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dc.contributor.advisorStout, Marken_US
dc.contributor.authorHendrickson, Jenniferen_US
dc.date.accessioned2015-09-16T04:11:21Z
dc.date.available2015-09-16T04:11:21Z
dc.date.created2014-08en_US
dc.date.issued2014-09-16en_US
dc.date.submittedAugust 2014en_US
dc.identifier.urihttp://jhir.library.jhu.edu/handle/1774.2/38096
dc.description.abstractRadicalization to violent extremism is a critical threat to both national and global security. This thesis examines three aspects of radicalization to violent Islamic extremism and the related counter-radicalization efforts. The first chapter examines what motivations prompt women to radicalize to violent extremism and analyzes the applicability of several leading theories on motivations to four Western female case studies. In this chapter, I hypothesized that the women would exhibit motivations related more to political and religious drivers due to the relatively conflict-free setting and neutral gender roles in the West; however, the results indicate trauma/secondary traumatization and the associated revenge are significant motivators, and uniquely female motivations to restore honor should not be disregarded as a possible motive. The second chapter explores the characteristics that make leaders influential and critical to the radicalization process through a case study analysis of Abdullah Azzam and Anwar al-Awlaki. I theorized that these leaders would demonstrate charisma, effective communication, and credibility despite being deceased, which the case study analysis confirmed with the exception of Azzam’s lack of cultural resonance. Using a case study comparison of three programs with different structures, the final chapter assesses whether a government connection has a negative impact on counter-radicalization programs, and if the type of government involved influences how the connection is perceived. I hypothesized that a government connection, particularly with a Western secular government, would negatively impact a program’s legitimacy. However, the case study results indicate that an apparent connection between the messengers and the government negatively impacts program legitimacy, not simply a government connection to the program as a whole. Also, the case study results reveal the type of government involved does have an impact when a connection is evident between the messengers and the government. Each of the chapters addresses policy implications related to counter-radicalization and specifically effective communication of a counter narrative.en_US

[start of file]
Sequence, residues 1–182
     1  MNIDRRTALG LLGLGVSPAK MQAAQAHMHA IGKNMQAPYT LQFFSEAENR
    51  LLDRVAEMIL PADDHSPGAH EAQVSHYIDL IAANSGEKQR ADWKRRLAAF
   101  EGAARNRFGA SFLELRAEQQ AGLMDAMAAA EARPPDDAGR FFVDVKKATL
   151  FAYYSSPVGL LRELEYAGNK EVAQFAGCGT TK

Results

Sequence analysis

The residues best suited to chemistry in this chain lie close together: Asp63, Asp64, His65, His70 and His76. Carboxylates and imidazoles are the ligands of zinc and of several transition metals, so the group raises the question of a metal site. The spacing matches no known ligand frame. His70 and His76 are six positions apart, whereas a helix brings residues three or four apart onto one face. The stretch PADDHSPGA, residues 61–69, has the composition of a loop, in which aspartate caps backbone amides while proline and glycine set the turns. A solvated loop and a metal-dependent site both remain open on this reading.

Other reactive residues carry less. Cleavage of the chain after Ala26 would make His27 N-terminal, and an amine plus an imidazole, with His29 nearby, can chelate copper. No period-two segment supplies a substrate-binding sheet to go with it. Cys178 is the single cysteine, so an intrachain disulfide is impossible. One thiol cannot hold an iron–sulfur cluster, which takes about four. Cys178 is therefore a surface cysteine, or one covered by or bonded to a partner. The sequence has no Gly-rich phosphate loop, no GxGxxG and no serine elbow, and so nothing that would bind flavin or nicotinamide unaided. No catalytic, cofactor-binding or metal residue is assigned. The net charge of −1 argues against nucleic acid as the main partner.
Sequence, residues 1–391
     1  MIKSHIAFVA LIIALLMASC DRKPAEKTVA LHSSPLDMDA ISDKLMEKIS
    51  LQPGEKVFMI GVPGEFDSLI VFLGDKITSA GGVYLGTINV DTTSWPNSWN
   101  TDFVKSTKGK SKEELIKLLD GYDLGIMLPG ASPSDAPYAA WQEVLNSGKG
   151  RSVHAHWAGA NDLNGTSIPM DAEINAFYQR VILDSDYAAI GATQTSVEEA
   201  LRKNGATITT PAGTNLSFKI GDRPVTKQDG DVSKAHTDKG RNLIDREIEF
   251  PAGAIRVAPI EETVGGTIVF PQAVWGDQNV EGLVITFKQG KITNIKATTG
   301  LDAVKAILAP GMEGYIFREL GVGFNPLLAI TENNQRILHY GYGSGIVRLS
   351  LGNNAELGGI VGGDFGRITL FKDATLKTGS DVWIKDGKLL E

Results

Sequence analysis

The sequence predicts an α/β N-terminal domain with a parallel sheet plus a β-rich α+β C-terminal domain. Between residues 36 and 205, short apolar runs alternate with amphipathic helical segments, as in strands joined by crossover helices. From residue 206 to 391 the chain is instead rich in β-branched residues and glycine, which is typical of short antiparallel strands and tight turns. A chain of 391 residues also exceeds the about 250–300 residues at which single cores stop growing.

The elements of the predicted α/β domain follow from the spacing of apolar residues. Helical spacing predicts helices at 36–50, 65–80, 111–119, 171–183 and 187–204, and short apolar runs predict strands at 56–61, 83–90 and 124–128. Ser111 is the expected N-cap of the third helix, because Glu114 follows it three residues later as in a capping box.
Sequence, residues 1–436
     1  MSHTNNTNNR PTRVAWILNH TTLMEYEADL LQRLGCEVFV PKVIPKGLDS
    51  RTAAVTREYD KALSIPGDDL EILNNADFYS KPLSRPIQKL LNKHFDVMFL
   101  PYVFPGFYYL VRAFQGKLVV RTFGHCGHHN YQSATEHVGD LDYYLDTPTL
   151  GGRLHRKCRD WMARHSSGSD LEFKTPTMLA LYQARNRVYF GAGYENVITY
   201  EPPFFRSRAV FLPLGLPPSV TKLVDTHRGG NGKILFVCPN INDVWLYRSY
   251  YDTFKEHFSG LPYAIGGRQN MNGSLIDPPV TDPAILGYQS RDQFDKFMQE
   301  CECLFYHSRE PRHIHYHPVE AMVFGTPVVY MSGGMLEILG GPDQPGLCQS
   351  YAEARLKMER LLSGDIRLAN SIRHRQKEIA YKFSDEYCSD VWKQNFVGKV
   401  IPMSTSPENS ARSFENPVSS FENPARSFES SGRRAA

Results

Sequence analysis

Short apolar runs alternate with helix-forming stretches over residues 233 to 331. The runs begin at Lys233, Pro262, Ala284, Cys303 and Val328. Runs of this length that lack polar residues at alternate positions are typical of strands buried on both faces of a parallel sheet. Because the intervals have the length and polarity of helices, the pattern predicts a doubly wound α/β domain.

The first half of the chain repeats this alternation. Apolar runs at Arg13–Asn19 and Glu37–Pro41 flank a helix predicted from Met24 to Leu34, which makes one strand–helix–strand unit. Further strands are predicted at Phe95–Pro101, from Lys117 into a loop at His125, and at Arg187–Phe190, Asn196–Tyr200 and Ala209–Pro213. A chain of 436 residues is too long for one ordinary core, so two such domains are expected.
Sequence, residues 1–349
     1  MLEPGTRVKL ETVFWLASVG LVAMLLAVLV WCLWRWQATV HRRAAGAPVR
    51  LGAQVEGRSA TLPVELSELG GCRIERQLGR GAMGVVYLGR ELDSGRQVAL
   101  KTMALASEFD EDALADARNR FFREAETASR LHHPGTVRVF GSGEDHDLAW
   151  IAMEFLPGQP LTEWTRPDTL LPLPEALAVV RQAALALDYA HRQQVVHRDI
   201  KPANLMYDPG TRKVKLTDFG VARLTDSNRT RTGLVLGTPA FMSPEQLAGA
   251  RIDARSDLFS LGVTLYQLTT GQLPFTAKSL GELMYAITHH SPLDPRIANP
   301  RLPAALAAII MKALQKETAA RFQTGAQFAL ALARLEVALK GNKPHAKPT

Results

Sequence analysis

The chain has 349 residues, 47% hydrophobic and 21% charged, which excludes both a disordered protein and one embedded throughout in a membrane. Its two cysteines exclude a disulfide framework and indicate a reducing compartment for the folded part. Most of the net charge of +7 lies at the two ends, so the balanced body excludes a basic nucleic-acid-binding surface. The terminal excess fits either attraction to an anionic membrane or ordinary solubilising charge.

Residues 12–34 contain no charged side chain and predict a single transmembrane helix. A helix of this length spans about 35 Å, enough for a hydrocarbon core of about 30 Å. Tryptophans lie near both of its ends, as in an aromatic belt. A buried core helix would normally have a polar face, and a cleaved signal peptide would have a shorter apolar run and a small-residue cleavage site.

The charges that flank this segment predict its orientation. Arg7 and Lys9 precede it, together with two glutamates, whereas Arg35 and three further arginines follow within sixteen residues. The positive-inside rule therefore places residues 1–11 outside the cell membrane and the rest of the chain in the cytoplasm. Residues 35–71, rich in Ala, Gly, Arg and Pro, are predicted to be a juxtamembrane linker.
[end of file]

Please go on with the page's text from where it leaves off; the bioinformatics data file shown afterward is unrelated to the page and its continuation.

dc.format.mimetypeapplication/pdfen_US
dc.languageen
dc.publisherJohns Hopkins University
dc.subjectradicalizationen_US
dc.subjectviolent extremismen_US
dc.subjectviolent Islamic extremismen_US
dc.subjectterrorismen_US
dc.titleCOUNTER-RADICALIZATION: COMBATING TERRORISM AT THE CORE, A STUDY OF THE MOTIVATIONS AND INSPIRATIONAL LEADERS BEHIND RADICALIZATION TO VIOLENT EXTREMISM AND THE PROGRAMS DESIGNED TO COMBAT THEMen_US
dc.typeThesisen_US
thesis.degree.disciplineGlobal Security Studiesen_US
thesis.degree.grantorJohns Hopkins Universityen_US
thesis.degree.grantorAdvanced Academic Programsen_US
thesis.degree.levelMastersen_US
thesis.degree.nameM.A.en_US
dc.type.materialtexten_US
thesis.degree.departmentGovernment Programen_US
dc.contributor.committeeMemberO'Byrne, Sarahen_US
dc.contributor.committeeMemberEvans, Ryanen_US


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